Carl Bruno, Executor of the Betty Hutton Estate, and A.C. Lyles of Paramount take a walk on the studio lot after enjoying lunch at the commissary.
People lined up and waiting to be discovered at Paramount's main gate in the good old days of Hollywood's studio system.
Official Betty Hutton
Commemorative Poster -
created by her estate after her death in 2007
Remembering Dear Betty
This is the last photo ever taken of Betty Hutton, January 2007.
Flowers adorned Betty's Hollywood star hours after her death was officially announced by her estate.
Betty's star, as it appears today on Hollywood Blvd. in LA.
Headstone at Betty's grave-site, adorned with "pennies from heaven" left by
adoring fans - Cathedral City, California
Betty at home in Palm Springs (early 2002) with Estate Executor, Carl Bruno (middle photo) and Michael Mayer.
Rare Betty Images
from the 1949 movie,
Red, Hot and Blue!
SOLD at auction
in Beverly Hills
THE FOLLOWING WAS SOLD AT AUCTION IN BEVERLY HILLS, CA on June 18, 2011 as part of the Debbie Reynolds costume collection :
One, Betty Hutton “Annie Oakley” complete 10-piece Wild West Show costume from Annie Get Your Gun. (MGM, 1950) Judy Garland was scheduled to play “Annie Oakley” in Annie Get Your Gun, and a number of costumes were made for her, but a few weeks into production it was necessary to replace her with Betty Hutton. Complete outfit of cream suede jacket and two skirts adorned with pink and green floral sequins with matching gloves, hat, boots, belt, and green blouse with scarf. Worn by Betty Hutton as “Annie Oakley” in the Wild West show scene in Annie Get Your Gun. Handwritten label “1450.6433 Betty Hutton.” Costumes designed by Helen Rose.
The outfit sold for $11,000.
Betty is seen here in the recently sold outfit from "Annie Get Your Gun". It had been part of the Debbie Reynolds costume collection.
Remember the beautiful oil painting of Betty that The Betty Hutton Estate acquired? Well, we had to cleaned (it was quite dirty from years of exposure to the elements) and had it re-framed to freshen and update the look! The new version is shown below. We are really pleased with the final results, and know Betty would be too...
The work of art was created by silent film actress, Mary Brian (1906 - 2002), who spent her later years painting. After Mary Brian's death in 2002, the painting was donated to the Hollywood Heritage Museum where it had been on display for several years.
The Greatest Show
Betty Hutton and Eddie Bracken are shown here together in an early photo taken on the Paramount lot. Were they comedic friends or foes? Read about their relationship in Betty's autobiography, Backstage You Can Have!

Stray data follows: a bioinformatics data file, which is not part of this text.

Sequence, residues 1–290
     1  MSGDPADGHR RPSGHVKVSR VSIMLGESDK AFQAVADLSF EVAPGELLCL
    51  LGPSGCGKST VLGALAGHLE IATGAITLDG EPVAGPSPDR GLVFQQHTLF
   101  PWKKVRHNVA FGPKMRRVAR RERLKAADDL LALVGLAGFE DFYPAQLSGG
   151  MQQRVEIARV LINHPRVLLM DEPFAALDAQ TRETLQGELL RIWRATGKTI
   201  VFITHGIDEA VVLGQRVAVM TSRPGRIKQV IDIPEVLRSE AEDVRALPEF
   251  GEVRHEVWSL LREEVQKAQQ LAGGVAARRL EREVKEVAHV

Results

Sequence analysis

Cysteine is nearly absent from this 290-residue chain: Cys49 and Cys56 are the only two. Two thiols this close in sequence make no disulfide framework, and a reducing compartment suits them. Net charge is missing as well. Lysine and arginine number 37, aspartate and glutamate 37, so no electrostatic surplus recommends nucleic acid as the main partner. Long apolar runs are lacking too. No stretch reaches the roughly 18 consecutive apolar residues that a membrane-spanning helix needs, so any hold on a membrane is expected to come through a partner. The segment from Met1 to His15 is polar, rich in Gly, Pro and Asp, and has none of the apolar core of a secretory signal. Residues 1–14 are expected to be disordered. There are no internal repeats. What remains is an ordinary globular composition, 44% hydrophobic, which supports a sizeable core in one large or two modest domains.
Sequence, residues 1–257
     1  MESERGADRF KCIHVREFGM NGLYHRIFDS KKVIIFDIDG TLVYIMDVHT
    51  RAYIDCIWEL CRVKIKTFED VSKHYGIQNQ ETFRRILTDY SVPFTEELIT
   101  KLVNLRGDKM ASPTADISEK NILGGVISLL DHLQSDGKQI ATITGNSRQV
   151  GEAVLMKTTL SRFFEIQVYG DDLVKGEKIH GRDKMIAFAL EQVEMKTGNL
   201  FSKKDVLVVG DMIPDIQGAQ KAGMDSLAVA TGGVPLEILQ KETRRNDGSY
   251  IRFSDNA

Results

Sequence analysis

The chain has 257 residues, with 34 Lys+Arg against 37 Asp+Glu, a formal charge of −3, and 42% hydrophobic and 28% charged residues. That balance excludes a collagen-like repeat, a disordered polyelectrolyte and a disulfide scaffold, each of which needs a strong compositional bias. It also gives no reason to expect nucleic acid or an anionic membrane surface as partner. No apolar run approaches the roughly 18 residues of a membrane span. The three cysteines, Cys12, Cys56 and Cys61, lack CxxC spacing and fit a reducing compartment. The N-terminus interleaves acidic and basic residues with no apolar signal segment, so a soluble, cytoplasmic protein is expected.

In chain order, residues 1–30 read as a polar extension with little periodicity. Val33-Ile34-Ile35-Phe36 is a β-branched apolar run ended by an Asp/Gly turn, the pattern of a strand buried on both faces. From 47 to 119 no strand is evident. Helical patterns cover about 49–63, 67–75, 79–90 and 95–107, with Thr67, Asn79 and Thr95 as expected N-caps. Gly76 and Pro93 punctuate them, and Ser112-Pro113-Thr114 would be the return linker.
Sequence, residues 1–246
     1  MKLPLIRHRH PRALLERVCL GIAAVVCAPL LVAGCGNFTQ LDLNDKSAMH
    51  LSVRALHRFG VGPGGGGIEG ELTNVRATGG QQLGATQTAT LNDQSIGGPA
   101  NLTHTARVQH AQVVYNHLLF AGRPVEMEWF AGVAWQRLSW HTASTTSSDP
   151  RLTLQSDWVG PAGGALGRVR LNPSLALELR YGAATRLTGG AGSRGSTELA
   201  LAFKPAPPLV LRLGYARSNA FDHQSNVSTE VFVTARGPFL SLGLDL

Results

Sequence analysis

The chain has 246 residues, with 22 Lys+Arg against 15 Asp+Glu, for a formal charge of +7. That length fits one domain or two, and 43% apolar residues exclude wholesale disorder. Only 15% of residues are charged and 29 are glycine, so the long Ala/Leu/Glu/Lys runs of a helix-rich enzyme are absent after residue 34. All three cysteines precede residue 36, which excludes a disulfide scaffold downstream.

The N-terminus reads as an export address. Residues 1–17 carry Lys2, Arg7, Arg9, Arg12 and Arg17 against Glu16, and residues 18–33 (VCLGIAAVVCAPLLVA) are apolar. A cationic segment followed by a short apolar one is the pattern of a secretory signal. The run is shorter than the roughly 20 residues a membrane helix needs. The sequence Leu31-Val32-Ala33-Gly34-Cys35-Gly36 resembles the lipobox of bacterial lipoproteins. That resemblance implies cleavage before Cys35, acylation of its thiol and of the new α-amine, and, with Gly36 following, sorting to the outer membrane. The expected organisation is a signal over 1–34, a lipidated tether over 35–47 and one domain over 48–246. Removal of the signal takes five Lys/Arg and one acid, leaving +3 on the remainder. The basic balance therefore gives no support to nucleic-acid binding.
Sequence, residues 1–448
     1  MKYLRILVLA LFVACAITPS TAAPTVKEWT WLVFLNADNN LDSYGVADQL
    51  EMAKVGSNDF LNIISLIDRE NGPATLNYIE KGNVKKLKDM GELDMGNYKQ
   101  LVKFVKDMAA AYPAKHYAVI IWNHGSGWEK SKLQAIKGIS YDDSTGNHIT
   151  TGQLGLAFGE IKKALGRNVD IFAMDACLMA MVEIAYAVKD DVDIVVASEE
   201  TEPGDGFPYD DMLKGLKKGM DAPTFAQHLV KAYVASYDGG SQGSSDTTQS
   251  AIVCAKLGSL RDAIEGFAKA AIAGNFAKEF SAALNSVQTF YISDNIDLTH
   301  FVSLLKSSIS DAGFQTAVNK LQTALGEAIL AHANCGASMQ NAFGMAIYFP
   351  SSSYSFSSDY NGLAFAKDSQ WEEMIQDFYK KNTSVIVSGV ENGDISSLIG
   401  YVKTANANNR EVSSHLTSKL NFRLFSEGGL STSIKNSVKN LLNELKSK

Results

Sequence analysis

The Perils Of Pauline
The following photos are of Betty and service men at the Stage Door Canteen. We are assuming it is the New York establishment, due to the fact that the photos say "Stage Door" Canteen. The Canteen in Hollywood was called simply "Hollywood Canteen". All the photos are from 1944. If anyone has any identifying information so we can clarify the location, please write to us!
On March 2, 1942 the New York Stage Door Canteen opened its doors in the basement of the 44th Street Theater. Founded by the American Theatre Wing, the organization that hosts Broadway’s Tony Awards, Stage Door Canteen was open nightly from 6 p.m. to midnight. Admission was free to all servicemen.
Two thousand men filled the tiny 40-foot by 80-foot room each night. The Stage Door Canteen provided a space for millions of Allied servicemen to receive star-treatment―top-notch entertainment, dinner and dancing.
No alcohol was permitted, but on an average night the Canteen served: 2000 sandwiches, 3000 slices of cake or doughnuts, 1000 half pints of milk, 80 gallons of fruit juice and cider, 25 lbs. of candy, 6 crates of fruit and a whopping 5,000 cigarettes.
New York’s Stage Door Canteen was followed by the opening of Stage Door Canteens in Boston, Newark, Philadelphia, Cleveland, San Francisco, and Washington, DC. The Hollywood Canteen opened as an American Theatre Wing affiliate on October 3, 1942.
OK, we now understand the reason you went to the Stage Door Canteen, Betty! I guess you were just doing your job; entertaining the troops...
In The Pacific
Betty loved being with and entertaining the troops!
Johnston Atoll, a United States territory, is a remote group of islands covering 50 square miles. Chief among them is Johnston Island, with its now abandoned military base. In 1926, an executive order established Johnston Atoll as a federal bird refuge, but control was transferred to the U.S. Navy in 1934 and the impressive runway still seen today was established. Soon after, the former wildlife reserve became a nuclear weapons test site.
This photo and the following two are of Betty and troup on an unidentified island in the Pacific. Anyone with information as to which island this might be, please email us!
Betty with the locals.
Betty receives some hand crafted gifts from the island's people.
At You Kid!
Betty discusses a scene with one of the production crew during filming of, Cross My Heart, 1945.
Betty takes time out to read a note left for her in her dressing room during the filming of Cross My Heart, 1945.
Betty looks at production photos with an assistant during the filming of Cross My Heart, 1945.
Betty looks at herself during the early stages of her makeup session for the plantation scene in The Perils Of Pauline, 1947.
Video Clip of Memorial Service...
held for Betty Hutton at St. Theresa church in Palm Springs on March 23, 2007. A.C. Lyles, long-time Hutton friend and Paramount Studio exec. gave the eulogy. This video clip is small and of less than desirable quality, but it is all here!
Watch this video clip...